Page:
A man who once successfully sued the New York Times for improper use of his freelance work is now targeting the Huffington Post:

Jonathan Tasini is the lead plaintiff in the suit against the news site, which AOL bought for $315 million in February. His suit, which he filed in a New York court Tuesday, seeks $105 million in damages in behalf of bloggers and other Huffington Post writers who submitted work for which they weren’t paid.

His argument, as I understand it, is that Arianna Huffington engaged in "unjust enrichment" by using unpaid bloggers (including Tasini) to create a media property that came to be valued at $315 million—the price AOL paid for HuffPo back in February.

But... If you're a writer, and you've decided to give away your labor for free, you should know that you're not just giving someone else the ability to cash in on your donated words right now. You're also giving someone else the ability to cash in on the aggregate value your donated words may help create in the future.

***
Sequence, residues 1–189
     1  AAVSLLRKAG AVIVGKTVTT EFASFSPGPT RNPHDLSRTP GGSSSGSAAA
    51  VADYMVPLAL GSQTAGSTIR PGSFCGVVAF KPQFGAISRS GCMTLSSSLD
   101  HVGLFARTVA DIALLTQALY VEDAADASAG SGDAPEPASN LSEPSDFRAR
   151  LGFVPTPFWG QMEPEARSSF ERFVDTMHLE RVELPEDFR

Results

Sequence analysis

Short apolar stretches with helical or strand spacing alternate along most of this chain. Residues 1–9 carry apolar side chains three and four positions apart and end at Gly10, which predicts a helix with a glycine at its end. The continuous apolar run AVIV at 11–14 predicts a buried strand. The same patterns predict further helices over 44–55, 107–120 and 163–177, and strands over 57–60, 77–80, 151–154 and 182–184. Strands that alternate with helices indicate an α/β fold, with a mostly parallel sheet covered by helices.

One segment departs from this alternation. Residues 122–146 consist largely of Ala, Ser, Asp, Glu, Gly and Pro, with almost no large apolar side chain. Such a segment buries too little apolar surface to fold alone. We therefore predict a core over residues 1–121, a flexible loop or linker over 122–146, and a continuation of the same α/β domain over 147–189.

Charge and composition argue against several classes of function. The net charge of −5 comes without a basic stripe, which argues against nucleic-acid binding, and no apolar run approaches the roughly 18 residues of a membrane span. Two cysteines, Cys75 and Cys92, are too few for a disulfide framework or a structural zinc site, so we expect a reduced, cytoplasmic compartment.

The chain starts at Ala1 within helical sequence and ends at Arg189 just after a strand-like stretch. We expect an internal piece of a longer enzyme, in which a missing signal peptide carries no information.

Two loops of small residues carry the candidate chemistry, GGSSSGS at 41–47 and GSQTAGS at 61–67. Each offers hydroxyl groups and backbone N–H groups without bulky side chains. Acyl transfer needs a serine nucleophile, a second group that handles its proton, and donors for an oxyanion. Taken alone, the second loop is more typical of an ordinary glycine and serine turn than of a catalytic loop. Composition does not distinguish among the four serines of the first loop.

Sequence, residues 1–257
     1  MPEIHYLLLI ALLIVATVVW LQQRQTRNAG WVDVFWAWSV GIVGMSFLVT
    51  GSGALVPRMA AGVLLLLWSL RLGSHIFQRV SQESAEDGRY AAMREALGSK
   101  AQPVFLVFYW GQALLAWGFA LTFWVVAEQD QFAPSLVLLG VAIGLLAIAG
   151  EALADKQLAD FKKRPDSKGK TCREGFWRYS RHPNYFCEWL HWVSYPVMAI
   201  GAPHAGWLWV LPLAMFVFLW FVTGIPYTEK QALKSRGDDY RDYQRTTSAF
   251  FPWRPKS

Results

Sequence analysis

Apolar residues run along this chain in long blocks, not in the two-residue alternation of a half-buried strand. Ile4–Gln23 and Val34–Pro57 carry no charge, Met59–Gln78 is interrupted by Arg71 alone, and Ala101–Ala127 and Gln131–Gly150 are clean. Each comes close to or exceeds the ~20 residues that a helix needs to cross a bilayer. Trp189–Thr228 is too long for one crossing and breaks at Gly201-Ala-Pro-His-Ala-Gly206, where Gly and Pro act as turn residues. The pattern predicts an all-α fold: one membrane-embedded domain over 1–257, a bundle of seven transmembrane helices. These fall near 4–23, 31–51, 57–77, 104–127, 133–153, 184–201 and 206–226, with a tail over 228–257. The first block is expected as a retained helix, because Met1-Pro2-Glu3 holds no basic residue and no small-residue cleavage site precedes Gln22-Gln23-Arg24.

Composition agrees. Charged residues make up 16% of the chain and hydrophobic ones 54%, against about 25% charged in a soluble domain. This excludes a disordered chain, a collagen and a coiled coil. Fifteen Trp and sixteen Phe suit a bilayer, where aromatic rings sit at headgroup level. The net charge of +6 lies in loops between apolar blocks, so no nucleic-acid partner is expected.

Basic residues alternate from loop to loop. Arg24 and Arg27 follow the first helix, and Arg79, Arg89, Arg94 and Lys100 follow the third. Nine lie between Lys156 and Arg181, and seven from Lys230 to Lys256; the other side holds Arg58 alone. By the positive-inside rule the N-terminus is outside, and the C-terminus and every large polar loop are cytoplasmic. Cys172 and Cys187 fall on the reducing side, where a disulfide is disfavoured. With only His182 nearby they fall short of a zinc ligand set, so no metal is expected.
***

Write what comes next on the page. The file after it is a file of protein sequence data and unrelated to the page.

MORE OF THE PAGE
To put it another way: It seems to me the problem here is that a writer for some reason thought a for-profit media property was a charity, or maybe some sort of slow-motion swap meet, or maybe a benevolent garden that would reward the labor he tossed into it with a bountiful shared harvest down the road.

Here's what it actually was: A business with owners who are not himself.

HuffPo has described this kind of suit as "completely baseless."